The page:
5 Takeaways From The U.S. Covid-19 Hearing

he coronavirus Fantastic Four — Anthony Fauci, MD, director of the National Institute of Allergy and Infectious Diseases; Robert Redfield, MD, director of the Centers for Disease Control and Prevention (CDC); Stephen Hahn, MD, commissioner of the Food and Drug Administration (FDA); and Brett Giroir, MD, assistant secretary for health — returned to Congress today to testify before the House Energy and Commerce Committee about where the United States currently stands with the Covid-19 pandemic. Here are five key takeaways from the meeting.

1. We are on-track for a vaccine to be available by the beginning of 2021

Fauci confirmed that the first phase 3 trial for a vaccine for the virus, developed by the drug company Moderna, will begin in July, and if all goes well, it could begin to be administered to the public early next year. While there is still no guarantee the vaccine will work against the virus in the general population, Fauci says he is “cautiously optimistic” given the data so far. Several other vaccine options are also in various stages of development and testing, and preliminary results from animal studies are promising.

There has already been a substantial financial investment made toward manufacturing a vaccine in order to scale up production and distribution if and when one is approved. However, Fauci and Hahn reinforced that the only risk being taken is a financial one, not a scientific one. No corners will be cut in terms of safety and efficacy criteria, and vaccines will be assessed by the FDA with the normal rigor before one is approved.

2. Testing capacity has accelerated since March, not slowed down

Despite comments in recent days by President Trump that he’s urged health experts to limit testing, all four men stated that they had received no such directive from the White House. Giroir said the U.S. has performed 27 million tests so far, and they anticipate conducting 40 to 50 million tests by this fall.

3. A new test is coming that can simultaneously diagnose the coronavirus and influenza

The pending flu season coinciding with a second wave of Covid-19 was a big topic of conversation. Redfield said that the CDC has been working on a single test that will screen for both the coronavirus and influenza A and B so that doctors can diagnose and treat patients faster. The experts also urged people to get the flu vaccine to mitigate the risk of at least one deadly viral outbreak this winter. “This single act will save lives,” Redfield said.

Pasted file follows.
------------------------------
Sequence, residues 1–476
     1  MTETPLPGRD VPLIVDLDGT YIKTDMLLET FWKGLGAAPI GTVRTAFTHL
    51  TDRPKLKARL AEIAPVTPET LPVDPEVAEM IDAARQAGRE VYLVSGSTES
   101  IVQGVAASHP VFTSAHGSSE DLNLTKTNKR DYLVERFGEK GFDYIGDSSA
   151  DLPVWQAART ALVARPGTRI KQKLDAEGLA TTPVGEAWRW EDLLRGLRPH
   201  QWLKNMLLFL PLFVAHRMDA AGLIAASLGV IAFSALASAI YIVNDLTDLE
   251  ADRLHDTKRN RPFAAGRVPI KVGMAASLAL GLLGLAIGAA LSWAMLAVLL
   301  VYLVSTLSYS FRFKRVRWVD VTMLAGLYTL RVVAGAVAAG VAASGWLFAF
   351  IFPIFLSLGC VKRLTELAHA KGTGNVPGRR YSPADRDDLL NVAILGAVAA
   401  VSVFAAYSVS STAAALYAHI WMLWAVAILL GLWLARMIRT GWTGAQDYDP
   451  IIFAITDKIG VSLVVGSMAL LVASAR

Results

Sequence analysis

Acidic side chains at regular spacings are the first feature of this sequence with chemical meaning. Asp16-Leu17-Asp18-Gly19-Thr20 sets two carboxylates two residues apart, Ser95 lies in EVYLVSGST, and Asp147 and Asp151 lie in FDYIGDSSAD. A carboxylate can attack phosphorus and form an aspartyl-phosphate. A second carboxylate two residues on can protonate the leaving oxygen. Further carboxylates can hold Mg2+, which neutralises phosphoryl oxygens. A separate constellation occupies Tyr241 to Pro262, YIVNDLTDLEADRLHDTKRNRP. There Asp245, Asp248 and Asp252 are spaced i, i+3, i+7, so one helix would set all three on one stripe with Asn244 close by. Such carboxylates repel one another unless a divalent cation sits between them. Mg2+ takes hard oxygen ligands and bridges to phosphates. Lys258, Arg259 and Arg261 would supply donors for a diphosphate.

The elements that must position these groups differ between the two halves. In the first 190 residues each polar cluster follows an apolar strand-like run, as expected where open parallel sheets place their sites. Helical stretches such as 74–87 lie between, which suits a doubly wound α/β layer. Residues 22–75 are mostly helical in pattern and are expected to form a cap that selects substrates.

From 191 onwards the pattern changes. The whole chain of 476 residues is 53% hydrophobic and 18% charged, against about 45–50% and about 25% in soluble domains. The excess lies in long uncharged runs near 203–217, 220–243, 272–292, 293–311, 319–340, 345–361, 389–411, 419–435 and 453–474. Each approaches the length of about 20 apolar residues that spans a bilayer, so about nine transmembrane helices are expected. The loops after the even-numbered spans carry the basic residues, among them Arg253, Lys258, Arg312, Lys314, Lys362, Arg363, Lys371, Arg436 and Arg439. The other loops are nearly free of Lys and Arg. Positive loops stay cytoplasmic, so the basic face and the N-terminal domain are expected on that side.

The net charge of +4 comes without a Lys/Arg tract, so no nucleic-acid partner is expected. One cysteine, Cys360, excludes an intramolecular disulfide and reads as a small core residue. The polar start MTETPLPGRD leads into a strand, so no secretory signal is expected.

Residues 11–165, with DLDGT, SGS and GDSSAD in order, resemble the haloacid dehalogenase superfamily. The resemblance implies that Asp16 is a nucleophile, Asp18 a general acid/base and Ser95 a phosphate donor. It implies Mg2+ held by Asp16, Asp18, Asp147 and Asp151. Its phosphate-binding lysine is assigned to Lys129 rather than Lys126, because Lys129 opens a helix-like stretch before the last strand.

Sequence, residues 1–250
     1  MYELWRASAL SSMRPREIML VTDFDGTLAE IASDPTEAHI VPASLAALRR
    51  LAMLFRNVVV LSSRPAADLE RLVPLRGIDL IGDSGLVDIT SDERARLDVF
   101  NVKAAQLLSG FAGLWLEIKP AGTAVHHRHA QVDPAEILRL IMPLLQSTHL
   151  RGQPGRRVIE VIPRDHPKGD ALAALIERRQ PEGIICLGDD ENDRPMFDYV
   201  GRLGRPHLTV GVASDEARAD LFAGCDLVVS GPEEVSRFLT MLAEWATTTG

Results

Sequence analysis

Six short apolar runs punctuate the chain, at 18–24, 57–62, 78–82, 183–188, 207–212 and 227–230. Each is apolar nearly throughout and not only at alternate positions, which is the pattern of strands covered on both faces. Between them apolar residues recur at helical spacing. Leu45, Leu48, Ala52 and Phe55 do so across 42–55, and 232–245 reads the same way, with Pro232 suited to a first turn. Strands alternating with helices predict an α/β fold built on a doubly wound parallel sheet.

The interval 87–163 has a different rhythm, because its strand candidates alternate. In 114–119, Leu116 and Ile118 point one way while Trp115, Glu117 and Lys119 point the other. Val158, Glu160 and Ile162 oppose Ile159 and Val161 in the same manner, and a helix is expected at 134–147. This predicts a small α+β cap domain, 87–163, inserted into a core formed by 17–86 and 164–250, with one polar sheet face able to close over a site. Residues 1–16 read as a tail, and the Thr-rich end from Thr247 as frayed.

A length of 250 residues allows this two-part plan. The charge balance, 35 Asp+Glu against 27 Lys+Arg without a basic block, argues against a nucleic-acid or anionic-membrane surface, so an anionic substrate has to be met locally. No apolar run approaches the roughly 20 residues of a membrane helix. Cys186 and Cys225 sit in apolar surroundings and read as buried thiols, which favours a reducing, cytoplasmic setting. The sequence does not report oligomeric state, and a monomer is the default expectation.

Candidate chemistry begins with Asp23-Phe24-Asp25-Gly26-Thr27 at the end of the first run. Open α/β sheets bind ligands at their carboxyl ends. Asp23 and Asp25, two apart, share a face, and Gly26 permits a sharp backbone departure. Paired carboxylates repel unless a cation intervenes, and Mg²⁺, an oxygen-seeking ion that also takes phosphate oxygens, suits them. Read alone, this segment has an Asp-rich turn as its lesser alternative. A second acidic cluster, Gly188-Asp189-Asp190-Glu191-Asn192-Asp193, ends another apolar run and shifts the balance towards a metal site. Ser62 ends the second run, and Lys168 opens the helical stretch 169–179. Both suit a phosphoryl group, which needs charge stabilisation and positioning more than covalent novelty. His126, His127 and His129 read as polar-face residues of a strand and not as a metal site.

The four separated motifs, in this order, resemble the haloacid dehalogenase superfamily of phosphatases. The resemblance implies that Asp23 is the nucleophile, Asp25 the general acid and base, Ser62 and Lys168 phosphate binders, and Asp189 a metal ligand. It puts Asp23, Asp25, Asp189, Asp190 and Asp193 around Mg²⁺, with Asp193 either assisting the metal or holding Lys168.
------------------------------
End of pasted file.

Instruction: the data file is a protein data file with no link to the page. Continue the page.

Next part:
4. Decisions about reopening schools will have to be made on a regional level

Fauci emphasized that we live in a big, heterogeneous country, and the outbreak looks very different in different areas. As a result, decisions about reopening will have to be done by city and county, not at a national or even state-wide level. If infection rates are low in a given area, schools there may be able to reopen normally in the fall. In regions where cases are spiking and community spread is present, schools may have to adopt new schedules with morning and afternoon shifts or alternate groups of students on different days. “There is no one size fits all,” Fauci says, and it’s up to local officials to make decisions based on the recommendations from the CDC.

5. We cannot relax our personal prevention vigilance, everyone is responsible for this pandemic

Following questions from representatives from Texas and Florida, two states that are currently seeing their highest case rates yet, Fauci urged people not to congregate in crowds and to wear masks in public. “Don’t throw caution to the wind!” he entreated.

Addressing young adults specifically — who have been implicated in many of the recent outbreaks — he asked them to think not only about themselves and their own risk for infection, but the role they play in spreading the virus to others, particularly those who are more vulnerable. He says that even if young people think they’re at low risk for a serious infection, by propagating the outbreak they’re hurting their neighbors, friends, and relatives.